Are banks willing to trick you into borrowing?

2 min read

I got a cheque in the mail. Completely unexpected. A real cheque for $2400. None of this “you may have won $2400.” It was real.

All I needed to do was deposit the cheque and I would be richer $2400. Woo hoo! Perhaps it was a dividend from one of my investments. Maybe I had a bank deposit roll off. Well whatever. Money is money.

But wait… this cheque was a bit different. It was unsigned. I needed to sign it myself before depositing. This was enough to get me digging through small print I don’t usually have time for…

Surprise, surprise! The cheque was in fact a cheque against my own credit card. If I banked it, I would be borrowing on my card.

I did not ask for a loan. I did not need a loan. But my bank wanted me to get into some debt with them.

I’ve always found bank marketing problematic: how they call you up asking you to borrow; how they sell structured investment products that the salesperson themself barely understands; how they push credit cards on shoppers as they are walking through malls.

But to me, this latest marketing ploy was a new low.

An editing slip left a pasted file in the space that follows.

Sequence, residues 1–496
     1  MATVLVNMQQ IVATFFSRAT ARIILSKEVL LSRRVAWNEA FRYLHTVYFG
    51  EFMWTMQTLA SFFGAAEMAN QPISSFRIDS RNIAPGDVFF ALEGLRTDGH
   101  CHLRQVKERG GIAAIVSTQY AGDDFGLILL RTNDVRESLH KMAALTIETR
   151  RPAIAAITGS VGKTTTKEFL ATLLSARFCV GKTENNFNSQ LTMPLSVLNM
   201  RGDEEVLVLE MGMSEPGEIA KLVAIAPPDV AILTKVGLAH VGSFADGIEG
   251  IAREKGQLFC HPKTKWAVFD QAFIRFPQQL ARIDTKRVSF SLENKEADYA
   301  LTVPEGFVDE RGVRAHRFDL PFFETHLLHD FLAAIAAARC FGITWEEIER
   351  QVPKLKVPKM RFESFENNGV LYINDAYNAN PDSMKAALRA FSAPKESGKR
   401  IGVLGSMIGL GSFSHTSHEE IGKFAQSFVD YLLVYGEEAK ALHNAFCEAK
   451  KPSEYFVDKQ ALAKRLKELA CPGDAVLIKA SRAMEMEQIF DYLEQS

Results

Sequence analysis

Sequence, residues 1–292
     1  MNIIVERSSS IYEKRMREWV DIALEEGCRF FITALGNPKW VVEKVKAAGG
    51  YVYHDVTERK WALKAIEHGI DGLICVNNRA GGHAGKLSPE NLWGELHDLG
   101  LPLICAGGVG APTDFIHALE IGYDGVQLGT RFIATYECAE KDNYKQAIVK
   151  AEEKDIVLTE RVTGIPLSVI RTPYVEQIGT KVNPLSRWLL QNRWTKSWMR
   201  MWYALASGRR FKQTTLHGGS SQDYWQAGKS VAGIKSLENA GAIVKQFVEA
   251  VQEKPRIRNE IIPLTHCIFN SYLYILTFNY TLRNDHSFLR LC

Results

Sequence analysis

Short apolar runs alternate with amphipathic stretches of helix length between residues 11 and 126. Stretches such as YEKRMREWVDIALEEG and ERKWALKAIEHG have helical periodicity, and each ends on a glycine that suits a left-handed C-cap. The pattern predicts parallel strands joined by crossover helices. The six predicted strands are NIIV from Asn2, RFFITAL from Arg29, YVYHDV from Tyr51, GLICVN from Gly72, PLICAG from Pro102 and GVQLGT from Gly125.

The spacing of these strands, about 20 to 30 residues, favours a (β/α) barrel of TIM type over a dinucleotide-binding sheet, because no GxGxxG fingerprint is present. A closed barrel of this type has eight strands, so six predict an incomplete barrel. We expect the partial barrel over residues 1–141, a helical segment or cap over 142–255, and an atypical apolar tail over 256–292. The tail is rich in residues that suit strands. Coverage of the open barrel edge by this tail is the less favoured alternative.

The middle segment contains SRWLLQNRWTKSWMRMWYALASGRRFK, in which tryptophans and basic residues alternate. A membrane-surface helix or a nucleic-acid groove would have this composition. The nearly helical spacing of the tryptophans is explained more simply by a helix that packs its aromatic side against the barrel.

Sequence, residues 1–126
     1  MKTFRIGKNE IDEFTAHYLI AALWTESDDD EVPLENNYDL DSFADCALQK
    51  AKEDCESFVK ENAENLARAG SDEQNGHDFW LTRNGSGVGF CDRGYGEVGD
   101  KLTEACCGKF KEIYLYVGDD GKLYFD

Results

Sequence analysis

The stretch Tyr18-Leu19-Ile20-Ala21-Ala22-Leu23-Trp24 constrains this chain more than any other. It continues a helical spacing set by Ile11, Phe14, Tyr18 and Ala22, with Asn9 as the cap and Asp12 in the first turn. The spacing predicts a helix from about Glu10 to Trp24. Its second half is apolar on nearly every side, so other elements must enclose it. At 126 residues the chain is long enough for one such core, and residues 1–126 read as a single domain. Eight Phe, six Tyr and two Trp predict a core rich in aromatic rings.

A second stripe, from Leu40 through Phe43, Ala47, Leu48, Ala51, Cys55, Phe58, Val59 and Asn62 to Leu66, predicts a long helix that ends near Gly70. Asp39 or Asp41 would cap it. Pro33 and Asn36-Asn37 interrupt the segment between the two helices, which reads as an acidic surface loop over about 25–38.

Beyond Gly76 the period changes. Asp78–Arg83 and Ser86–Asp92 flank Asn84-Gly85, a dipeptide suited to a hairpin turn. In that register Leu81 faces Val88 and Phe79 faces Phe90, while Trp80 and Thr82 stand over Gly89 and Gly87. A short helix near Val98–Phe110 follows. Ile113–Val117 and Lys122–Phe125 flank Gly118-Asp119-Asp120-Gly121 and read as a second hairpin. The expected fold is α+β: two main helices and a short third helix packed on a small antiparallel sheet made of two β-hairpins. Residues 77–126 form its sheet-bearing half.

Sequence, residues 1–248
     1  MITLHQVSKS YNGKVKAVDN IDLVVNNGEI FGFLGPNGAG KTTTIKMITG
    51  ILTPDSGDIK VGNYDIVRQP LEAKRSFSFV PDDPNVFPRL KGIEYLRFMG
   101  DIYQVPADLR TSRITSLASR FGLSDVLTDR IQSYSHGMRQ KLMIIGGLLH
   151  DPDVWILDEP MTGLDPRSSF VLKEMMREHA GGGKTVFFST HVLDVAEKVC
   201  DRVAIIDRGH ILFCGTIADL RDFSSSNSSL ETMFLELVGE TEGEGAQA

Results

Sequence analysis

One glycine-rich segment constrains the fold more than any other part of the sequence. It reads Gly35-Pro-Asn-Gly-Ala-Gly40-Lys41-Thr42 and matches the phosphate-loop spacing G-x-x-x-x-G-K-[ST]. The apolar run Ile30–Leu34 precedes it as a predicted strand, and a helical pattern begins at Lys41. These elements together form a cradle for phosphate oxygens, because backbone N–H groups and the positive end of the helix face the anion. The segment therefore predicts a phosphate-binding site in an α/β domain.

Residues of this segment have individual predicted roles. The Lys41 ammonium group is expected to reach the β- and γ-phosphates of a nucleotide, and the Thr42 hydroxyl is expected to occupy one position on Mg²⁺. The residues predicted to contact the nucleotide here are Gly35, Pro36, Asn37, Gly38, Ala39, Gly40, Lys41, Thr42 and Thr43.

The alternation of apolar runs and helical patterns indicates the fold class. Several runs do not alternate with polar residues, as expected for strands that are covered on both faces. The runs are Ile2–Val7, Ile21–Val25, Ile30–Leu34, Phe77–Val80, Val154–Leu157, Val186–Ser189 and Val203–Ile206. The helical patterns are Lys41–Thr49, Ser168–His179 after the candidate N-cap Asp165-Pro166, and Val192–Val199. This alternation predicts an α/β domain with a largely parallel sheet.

There will be some people who may not pause to read through the marketing material. There is no warning saying that “By signing this you agree to borrow on your credit card at X% per month.”

Sure there is a covering letter. Sure it is up to the consumer to beware.

But is there not a duty for the banks to act responsibly? To be very clear and not conceal debt as some kind of gift – even if it is a gift to yourself?

Banking marketing tactics like this should be regulated. Lending should be treated like we treat legalized prostitution: you can provide the service but you should not solicit or encourage the consumption of your product.

Banking products are not like other consumer products: a loan is not a latte; it’s not an iPod. It’s an obligation to repay money over time and possibly one you cannot meet or couldn’t if circumstances change. It is not a decision to take lightly or to be made light of.

To encourage a person to get into debt… to create a loan that is only one signature away… is, in my personal opinion, a moral hazard.